It was his eyes that drew me in – focused on the distant horizon, unblinking, looking for what he was hearing. A mature Botswana male lion, the largest of the big cats in Africa, had stopped suddenly, fifteen yards away, intensely still, listening. Gazing outward, he moved his mane from side to side, passing indifferently over our near presence in the open-air jeeps. Turning to his left he moved into the meadow, gradually fading as if he were Shoeless Joe Jackson in the movie, Field of Dreams, his sandy coat indistinguishable from the tall grasses. When he reappeared, he knew where he was going, across the field, towards the stream. After first roaring to scare off any crocodiles, he entered the waters, swam a short distance, re-emerging to shake the water off. And, again, he disappeared into the grass, hopefully to find his mate. This was not our only encounter with the African lions, but because of his proximity, it is my strongest memory
Since my return, I’ve been asked if we were afraid being that close to the king of the jungle. Truthfully, I wasn’t. They seemed accustomed to our presence and disinterested in what we had to offer. And, despite movies to the contrary, lions don’t create the most danger to humans in Africa. That distinction would go to mosquitos that kill hundreds of thousands a year. Lions aren’t even the most dangerous big animal in Africa. That would be the hippopotamus which takes down 3,000 humans a year. Lions come after elephants and crocodiles, killing 200, primarily by sick males or when its testosterone levels are up in musth.
But lions are a danger to every other animal in Africa as they can wrestle down antelopes with ease, cape buffalos with some effort and with a little help from other lions, even a giraffe or elephant. We saw two leopards squeezed in some branches of a tree, having been chased by a lion that was still roaming the area. The Okavango Delta in Botswana is known for its large Cape buffalo herds. They like the water and lions don’t but have adjusted to be close to such tasty fare. There’s also a large population of impalas, cousins to our deer but with more dramatic horns on the male and a white circle on their rumps. Impalas are the breadbasket for the animal world of southern Africa, including lions, and they are the most common animal we saw.
Certain prides are known by trackers. At our first camp in Botswana, we heard a new pride had been seen in the area. It was always tricky to find them although they had their favorite hangouts. My husband’s jeep was the first to see a pride of females and babies, causally crossing the road. I had “lion envy” as I had not gone out that afternoon. But the next day, we found two male lions lying in the tall grass. The head of one was up as he sleepily surveyed the nearby humans. The other was deep into an afternoon nap with only his raised foot giving him away. Our guide thought they were brothers and had just eaten.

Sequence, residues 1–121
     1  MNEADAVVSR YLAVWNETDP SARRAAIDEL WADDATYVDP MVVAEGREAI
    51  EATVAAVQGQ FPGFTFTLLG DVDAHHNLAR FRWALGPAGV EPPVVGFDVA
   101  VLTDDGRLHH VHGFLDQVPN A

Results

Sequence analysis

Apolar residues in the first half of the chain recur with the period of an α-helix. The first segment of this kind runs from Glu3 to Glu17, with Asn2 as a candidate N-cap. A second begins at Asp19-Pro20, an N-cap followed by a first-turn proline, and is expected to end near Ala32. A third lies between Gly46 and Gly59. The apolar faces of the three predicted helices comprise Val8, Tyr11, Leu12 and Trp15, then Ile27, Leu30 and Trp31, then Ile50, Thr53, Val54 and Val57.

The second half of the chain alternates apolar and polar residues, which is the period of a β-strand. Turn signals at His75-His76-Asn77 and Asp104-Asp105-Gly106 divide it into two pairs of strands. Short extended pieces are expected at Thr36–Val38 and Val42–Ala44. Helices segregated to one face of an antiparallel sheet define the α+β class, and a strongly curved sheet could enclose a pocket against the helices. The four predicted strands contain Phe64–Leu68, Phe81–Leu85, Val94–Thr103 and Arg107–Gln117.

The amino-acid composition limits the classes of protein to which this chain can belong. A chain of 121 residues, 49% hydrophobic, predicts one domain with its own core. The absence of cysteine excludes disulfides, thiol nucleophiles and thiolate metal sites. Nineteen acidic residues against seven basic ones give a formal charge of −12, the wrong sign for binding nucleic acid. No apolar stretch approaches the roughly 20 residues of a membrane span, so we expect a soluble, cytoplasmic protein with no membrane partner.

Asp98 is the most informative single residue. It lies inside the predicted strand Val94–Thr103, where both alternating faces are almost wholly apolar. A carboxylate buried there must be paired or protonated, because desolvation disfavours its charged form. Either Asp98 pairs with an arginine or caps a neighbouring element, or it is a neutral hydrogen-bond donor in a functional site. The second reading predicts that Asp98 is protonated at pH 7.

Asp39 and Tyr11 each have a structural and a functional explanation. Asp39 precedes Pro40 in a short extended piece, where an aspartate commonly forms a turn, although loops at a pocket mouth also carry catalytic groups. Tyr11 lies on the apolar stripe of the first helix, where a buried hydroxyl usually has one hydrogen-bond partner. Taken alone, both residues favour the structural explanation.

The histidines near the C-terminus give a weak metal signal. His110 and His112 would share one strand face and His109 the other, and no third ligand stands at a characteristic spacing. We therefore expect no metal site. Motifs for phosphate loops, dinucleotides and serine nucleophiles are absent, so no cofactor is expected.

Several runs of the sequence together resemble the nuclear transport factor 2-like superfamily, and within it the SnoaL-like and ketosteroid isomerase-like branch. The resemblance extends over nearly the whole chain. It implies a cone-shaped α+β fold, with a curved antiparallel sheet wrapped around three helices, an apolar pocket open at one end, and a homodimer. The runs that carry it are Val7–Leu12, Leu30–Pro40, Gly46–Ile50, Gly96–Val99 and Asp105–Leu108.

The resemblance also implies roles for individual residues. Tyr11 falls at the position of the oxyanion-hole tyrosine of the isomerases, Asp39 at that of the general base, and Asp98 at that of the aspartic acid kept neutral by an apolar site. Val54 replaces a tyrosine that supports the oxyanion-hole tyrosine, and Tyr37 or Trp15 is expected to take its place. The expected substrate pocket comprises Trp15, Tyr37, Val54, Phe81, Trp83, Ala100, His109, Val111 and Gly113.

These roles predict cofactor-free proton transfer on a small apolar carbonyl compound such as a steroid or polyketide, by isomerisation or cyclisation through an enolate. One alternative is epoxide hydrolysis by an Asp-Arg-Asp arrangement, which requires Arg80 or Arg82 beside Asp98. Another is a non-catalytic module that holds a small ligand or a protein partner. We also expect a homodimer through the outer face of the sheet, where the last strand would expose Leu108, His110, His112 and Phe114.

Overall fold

Botswana has a healthy supply of lions today, thanks to conservation efforts and governmental policies. It is one of four countries that have seen an increase of about 12% in lions as opposed to the remainder of Africa where the lion population has decreased by 60%. The politics of saving the lions is complicated. No one disputes the numbers of lions have decreased dramatically from approximately 500,000 in 1950 to an estimated 20,000 today. No one argues that Photo Safaris brings in needed revenue and provide employment to many. And it’s undisputed that lions do kill livestock. Solutions to declining numbers have included banning hunting completely, breeding lions in captivity for trophy hunting, and predator proof fences.
Anti-poaching efforts also are used by all the countries and we saw a jeep full of soldiers doing just that in Botswana. Our guide greeted them and told us safari guides often give assistance to the anti-poaching efforts by notifying authorities when they see poachers.
Our last encounter with the lions was in Zimbabwe in a wooded area with a pride of lionesses quietly following its leader.
She slowed down and crouched. The others followed suit. Her muscles were taut, and her eyes focused past us where a herd of impalas was grazing. Slowly, she stood and crept silently forward. We held our breaths, waiting for a kill. But the impalas must have had a warning and moved on. The lionesses relaxed and led the pride on to follow the herd beyond our vision. It is those moments that need to be preserved for future generations of lions and viewers. Hopefully, the efforts to save the lions will do just that.
Some photos are courtesy of Gary Kramer, our tour leader and photographer extraordinaire.